Skip to main content

Thank you for visiting nature.com. You are using a browser version with limited support for CSS. To obtain the best experience, we recommend you use a more up to date browser (or turn off compatibility mode in Internet Explorer). In the meantime, to ensure continued support, we are displaying the site without styles and JavaScript.

Strong coupling between local moments and superconducting ‘heavy’ electrons in UPd2Al3

Abstract

The electronic structure of heavy-fermion compounds arises from the interaction of nearly localized 4f- or 5f-shell electrons (with atomic magnetic moments) with the free-electron-like itinerant conduction-band electrons. In actinide or rare-earth heavy-fermion materials, this interaction yields itinerant electrons having an effective mass about 100 times (or more) the bare electron mass. Moreover, the itinerant electrons in UPd2Al3 are found to be superconducting well below the magnetic ordering temperature1,2 of this compound, whereas magnetism generally suppresses superconductivity in conventional metals. Here we report the detection of a dispersive excitation of the ordered f-electron moments, which shows a strong interaction with the heavy superconducting electrons. This ‘magnetic exciton’ is a localized excitation which moves through the lattice as a result of exchange forces between the magnetic moments. By combining this observation with previous tunnelling measurements on this material3, we argue that these magnetic excitons may produce effective interactions between the itinerant electrons, and so be responsible for superconductivity in a manner analogous to the role played by phonons in conventional superconductors.

Access options

Rent or Buy article

Get time limited or full article access on ReadCube.

from$8.99

All prices are NET prices.

Figure 1: Temperature evolution of the inelastic neutron scattering spectrum.
Figure 2: Qualitative evolution of the scattering intensity as a function of the coupling strength.
Figure 3: Tunnelling density of states calculated as function of the applied voltage Vbias for various temperatures.

References

  1. 1

    Geibel, C. et al. Heavy-fermion superconductivity at Tc = 2 K in the antiferromagnet UPd2Al3. Z. Phys. B 84, 1–2 (1991).

    ADS  CAS  Article  Google Scholar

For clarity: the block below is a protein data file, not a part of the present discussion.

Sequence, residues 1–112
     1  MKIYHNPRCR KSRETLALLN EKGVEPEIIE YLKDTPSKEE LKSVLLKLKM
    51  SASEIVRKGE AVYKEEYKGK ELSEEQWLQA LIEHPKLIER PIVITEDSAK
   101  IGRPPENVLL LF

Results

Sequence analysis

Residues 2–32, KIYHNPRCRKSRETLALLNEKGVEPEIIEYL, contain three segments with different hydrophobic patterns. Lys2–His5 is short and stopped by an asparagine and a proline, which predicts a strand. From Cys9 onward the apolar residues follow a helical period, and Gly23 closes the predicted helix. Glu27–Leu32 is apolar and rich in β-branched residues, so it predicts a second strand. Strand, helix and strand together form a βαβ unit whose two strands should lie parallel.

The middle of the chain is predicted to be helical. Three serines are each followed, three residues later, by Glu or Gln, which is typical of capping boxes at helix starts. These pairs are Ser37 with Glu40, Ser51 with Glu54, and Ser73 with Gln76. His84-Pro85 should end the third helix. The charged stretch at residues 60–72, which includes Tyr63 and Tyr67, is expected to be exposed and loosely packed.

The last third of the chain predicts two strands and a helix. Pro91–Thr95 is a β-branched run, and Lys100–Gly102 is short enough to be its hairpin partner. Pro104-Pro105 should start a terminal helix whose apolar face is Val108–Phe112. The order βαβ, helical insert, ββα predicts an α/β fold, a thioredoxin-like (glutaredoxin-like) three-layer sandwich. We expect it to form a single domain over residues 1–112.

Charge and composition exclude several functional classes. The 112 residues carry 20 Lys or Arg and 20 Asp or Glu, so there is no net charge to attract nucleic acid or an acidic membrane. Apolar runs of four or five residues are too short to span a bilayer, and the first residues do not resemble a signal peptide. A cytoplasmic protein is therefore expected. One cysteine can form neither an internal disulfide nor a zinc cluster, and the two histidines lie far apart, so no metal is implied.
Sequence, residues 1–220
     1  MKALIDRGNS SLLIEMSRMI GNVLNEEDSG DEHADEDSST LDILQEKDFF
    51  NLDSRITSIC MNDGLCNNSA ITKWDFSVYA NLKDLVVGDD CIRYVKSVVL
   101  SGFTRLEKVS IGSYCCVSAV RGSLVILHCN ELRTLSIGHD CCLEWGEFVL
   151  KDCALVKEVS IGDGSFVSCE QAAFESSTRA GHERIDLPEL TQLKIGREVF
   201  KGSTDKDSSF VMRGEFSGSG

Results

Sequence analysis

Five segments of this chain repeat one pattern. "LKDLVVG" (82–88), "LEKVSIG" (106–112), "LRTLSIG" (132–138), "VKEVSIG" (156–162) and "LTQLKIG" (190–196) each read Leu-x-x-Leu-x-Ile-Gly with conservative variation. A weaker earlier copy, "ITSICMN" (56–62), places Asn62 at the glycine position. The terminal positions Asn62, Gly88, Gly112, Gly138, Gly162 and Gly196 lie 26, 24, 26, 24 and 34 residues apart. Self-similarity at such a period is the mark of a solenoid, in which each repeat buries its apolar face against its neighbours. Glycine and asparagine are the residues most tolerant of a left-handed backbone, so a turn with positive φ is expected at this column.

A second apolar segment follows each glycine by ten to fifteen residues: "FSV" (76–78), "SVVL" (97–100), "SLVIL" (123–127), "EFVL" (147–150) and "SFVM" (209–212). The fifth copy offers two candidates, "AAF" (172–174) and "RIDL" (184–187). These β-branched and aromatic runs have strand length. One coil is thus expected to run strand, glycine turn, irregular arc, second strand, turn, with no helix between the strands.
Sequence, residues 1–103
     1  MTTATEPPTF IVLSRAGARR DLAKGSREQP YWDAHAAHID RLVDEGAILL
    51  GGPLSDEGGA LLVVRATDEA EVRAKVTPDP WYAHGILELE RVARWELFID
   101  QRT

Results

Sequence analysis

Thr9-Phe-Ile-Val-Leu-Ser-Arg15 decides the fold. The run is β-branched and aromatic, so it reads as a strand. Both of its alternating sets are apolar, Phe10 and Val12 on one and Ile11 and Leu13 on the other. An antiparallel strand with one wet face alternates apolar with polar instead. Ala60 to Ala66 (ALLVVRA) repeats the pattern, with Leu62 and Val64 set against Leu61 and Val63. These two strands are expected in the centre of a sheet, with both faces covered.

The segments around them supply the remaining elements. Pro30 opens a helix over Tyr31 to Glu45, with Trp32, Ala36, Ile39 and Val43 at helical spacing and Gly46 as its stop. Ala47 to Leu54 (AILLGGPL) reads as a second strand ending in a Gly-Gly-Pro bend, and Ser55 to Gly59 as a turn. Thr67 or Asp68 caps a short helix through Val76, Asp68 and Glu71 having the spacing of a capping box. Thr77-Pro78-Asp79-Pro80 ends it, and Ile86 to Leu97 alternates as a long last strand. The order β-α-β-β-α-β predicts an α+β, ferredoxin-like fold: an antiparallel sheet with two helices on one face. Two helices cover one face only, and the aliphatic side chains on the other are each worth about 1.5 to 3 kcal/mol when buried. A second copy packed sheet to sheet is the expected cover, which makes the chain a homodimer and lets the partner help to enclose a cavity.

2. 2

    Steglich, F. et al. in Proc. Physical Phenomena at High Magnetic Fields-II (eds Fisk, Z., Gor’kov, L., Meltzer, D. & Schrieffer, R.) 125–138 (World Scientific, Singapore, 1996).

    Google Scholar 

  3. 3

    Jourdan, M. et al. Superconductivity mediated by spin fluctuations in the heavy-fermion compound UPd2Al3. Nature 398, 47–49 (1999).

    ADS  CAS  Article  Google Scholar 

  4. 4

    Caspary, R. et al. Unusual ground state properties of UPd2Al3: Implications for the coexistence of heavy fermion superconductivity and local moment antiferromagnetism. Phys. Rev. Lett. 71, 2146–2149 (1993).

    ADS  CAS  Article  Google Scholar 

  5. 5

    Feyerherm, R. et al. Coexistence of local moment magnetism and heavy fermion superconductivity in UPd2Al3. Phys. Rev. Lett. 73, 1849–1852 (1994).

    ADS  CAS  Article  Google Scholar 

  6. 6

    Takahashi, T. et al. Dual character of 5f electrons in UPd2Al3 observed by high-resolution photoemission spectroscopy. J. Phys. Soc. Jpn 65, 156–159 (1996).

    ADS  CAS  Article  Google Scholar 

  7. 7

    Knöpfle, K. et al. The Fermi surface of UPd2Al3. J. Phys. Condens. Matter 8, 901–909 (1996).

    ADS  Article  Google Scholar 

  8. 8

    Yaouanc, A. et al. Study of the uranium 5f shell in UPd2Al3 and URu2Si2 by the x-ray magnetic circular dichroism technique. Phys. Rev. B 58, 8793–8799 (1998).

    ADS  CAS  Article  Google Scholar 

  9. 9

    Yotsuhashi, S., Kusunose, H. & Miyake, K. Orbital dependence in Kondo effect enlarged by Hund's-rule coupling. J. Phys. Soc. Jpn 70, 186–191 (2001).

    ADS  CAS  Article  Google Scholar 

  10. 10

    Sato, N. et al. Spin fluctuations in the heavy fermion superconductor UPd2Al3 studied by neutron inelastic scattering. J. Phys. Soc. Jpn 66, 1884–1887 (1997).

    ADS  CAS  Article  Google Scholar 

  11. 11

    Sato, N. et al. Possible spin-fluctuation mediated superconductivity in UPd2Al3. J. Phys. Soc. Jpn 66, 2981–2984 (1997).